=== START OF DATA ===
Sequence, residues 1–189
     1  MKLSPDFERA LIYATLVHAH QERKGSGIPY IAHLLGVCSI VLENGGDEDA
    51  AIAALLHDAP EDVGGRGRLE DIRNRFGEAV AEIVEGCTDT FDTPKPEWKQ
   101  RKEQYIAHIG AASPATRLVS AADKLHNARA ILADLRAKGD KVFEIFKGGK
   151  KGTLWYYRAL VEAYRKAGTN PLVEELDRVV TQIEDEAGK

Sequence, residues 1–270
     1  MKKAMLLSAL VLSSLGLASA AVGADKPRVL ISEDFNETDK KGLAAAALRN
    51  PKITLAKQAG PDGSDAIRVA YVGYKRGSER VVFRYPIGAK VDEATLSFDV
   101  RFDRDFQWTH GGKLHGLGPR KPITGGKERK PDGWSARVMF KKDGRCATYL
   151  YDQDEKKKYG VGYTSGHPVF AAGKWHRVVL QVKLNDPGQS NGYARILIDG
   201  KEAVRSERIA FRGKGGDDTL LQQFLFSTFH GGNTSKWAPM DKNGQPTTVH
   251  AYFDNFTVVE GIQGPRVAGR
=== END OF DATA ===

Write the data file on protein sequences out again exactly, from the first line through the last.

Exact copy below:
Sequence, residues 1–189
     1  MKLSPDFERA LIYATLVHAH QERKGSGIPY IAHLLGVCSI VLENGGDEDA
    51  AIAALLHDAP EDVGGRGRLE DIRNRFGEAV AEIVEGCTDT FDTPKPEWKQ
   101  RKEQYIAHIG AASPATRLVS AADKLHNARA ILADLRAKGD KVFEIFKGGK
   151  KGTLWYYRAL VEAYRKAGTN PLVEELDRVV TQIEDEAGK

Sequence, residues 1–270
     1  MKKAMLLSAL VLSSLGLASA AVGADKPRVL ISEDFNETDK KGLAAAALRN
    51  PKITLAKQAG PDGSDAIRVA YVGYKRGSER VVFRYPIGAK VDEATLSFDV
   101  RFDRDFQWTH GGKLHGLGPR KPITGGKERK PDGWSARVMF KKDGRCATYL
   151  YDQDEKKKYG VGYTSGHPVF AAGKWHRVVL QVKLNDPGQS NGYARILIDG
   201  KEAVRSERIA FRGKGGDDTL LQQFLFSTFH GGNTSKWAPM DKNGQPTTVH
   251  AYFDNFTVVE GIQGPRVAGR